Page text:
Thursday, May 7

Barron Escalates PSU's War On Alumni Trustees

PSU President's latest message hypocritically points the finger at alumni trustees for squandering resources and not serving the University's mission. 

Ray Blehar

On Tuesday, PSU President Eric Barron continued to rub salt on the unhealed, gaping wound created by PSU Board of Trustees decision to promote the Sandusky scandal as a Penn State football scandal.  Alumni who hoped that Barron might take a stand against the "unaccountable" trustees and attempt to correct the record got another dose of reality about PSU's latest puppet president.

The reality is that Barron works at the pleasure of the "unaccountable" trustees who are in control the BOT and, therefore, the University.  He will continue to do their bidding --  no matter what the cost to the Penn State.

As for his letter, I can't say I was at all shocked at his decision to go public with his response -- that essentially was another road block to open and transparent governance at PSU. 

First off, why would a University not be transparent about who was nominated to serve on its governance board with MEMBERS of said governance board?  Talk about factionalization (and marginalization)!  Barron's letter essentially states that the alumni trustees don't need to know how the Business and Industry (B & I) trustees are selected in order to effectively perform their fiduciary responsibilities.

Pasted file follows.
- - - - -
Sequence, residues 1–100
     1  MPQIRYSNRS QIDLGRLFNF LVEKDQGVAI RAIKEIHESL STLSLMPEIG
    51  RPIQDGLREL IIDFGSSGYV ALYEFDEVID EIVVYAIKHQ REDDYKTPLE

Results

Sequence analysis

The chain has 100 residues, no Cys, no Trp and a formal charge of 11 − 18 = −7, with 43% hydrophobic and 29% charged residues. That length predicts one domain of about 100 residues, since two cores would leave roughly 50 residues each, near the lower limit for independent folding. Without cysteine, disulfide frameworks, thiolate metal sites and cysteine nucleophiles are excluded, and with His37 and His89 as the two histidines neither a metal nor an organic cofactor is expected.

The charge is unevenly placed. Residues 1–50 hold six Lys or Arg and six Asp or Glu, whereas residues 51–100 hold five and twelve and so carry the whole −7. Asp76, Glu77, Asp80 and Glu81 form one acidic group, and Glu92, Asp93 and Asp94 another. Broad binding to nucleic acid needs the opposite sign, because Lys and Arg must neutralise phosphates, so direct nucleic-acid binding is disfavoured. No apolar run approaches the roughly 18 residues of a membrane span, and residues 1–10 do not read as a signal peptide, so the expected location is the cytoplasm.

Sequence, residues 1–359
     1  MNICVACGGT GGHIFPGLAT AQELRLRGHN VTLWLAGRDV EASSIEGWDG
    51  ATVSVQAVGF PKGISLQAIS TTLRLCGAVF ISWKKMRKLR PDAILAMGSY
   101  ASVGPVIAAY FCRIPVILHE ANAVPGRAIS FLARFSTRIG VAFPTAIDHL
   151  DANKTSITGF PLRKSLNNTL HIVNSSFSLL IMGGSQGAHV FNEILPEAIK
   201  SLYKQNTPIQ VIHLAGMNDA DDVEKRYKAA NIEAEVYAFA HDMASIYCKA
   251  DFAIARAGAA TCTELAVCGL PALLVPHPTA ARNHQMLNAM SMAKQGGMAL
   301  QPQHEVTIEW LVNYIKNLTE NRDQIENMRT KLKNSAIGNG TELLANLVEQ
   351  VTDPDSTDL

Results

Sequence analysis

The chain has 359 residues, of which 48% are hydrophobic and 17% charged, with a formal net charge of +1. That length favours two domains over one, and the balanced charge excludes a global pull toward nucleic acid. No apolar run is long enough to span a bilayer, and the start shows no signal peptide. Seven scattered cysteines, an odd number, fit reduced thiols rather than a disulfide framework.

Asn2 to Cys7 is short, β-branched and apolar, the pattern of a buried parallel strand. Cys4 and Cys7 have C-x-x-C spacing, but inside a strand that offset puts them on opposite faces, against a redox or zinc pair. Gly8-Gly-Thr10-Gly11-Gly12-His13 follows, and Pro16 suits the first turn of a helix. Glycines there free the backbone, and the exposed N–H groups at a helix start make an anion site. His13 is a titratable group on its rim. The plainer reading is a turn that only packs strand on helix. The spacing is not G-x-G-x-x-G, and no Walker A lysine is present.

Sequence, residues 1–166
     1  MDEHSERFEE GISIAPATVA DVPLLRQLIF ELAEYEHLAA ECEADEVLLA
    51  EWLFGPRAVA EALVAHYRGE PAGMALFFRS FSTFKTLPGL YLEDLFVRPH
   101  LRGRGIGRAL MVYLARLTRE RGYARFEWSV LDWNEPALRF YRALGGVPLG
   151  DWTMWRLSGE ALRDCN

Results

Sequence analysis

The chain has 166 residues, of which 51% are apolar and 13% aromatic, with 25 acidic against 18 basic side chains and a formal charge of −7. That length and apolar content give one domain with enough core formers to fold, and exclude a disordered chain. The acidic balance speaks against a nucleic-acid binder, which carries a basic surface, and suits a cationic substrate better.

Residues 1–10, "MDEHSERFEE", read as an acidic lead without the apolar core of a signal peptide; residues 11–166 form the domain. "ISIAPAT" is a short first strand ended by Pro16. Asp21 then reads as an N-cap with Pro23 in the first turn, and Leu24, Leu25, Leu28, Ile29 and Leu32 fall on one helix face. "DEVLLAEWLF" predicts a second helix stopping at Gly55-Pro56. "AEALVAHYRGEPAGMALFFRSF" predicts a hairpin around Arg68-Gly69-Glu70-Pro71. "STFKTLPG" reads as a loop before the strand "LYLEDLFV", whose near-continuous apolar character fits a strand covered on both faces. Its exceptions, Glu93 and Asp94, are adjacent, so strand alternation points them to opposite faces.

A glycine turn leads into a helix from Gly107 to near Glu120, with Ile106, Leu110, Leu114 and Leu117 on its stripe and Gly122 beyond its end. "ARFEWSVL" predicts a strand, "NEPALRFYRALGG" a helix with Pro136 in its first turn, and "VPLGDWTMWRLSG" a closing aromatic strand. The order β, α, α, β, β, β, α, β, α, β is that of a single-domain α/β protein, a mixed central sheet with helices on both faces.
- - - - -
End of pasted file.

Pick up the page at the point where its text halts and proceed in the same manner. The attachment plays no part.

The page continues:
In short, the B & I trustee selection process could be based on how much someone was willing to pay the sitting B & I trustees for a seat on the board -- for all the alumni elected trustees know right now.   Ironically, the idea isn't too far-fetched, considering that this board revised its conflict of interest policy after a devastating scandal  -- replete with allegations of conflicts between Second Mile and Penn State -- and continued to allow conflicts of interest.

Next, the rationale that the information couldn't be shared because of confidentiality concerns is patently false. Just as in their lawsuit regarding the Freeh source documents, the alumni trustees agreed to keep the names out of the public, but would not accept the University's redactions of names and titles because it would not allow for analysis of the credibility of sources.   In the case of the B & I trustees, the alumni trustees assured PSU that they would keep the names confidential.

Barron was lying -- and following in the footsteps of Erickson and the "unaccountable" trustees.

Hypocrisy On Education Mission

One of the issues that probably has the majority of alumni upset is that Barron continues to insult our collective intelligence by making hypocritical statements about the University's focus on the education mission.

Barron was the Board's surrogate for attacking
alumni for their unwillingness to "move forward"
President Barron sure talks a good game, but why in September 2014 did he decide to be the nation's spokesperson for civility?  

In reality, the civility message was nothing more than Barron parroting the position of the "unaccountable" trustees, who have considerable disdain for the alumni who have refused to swallow their lies and "move forward."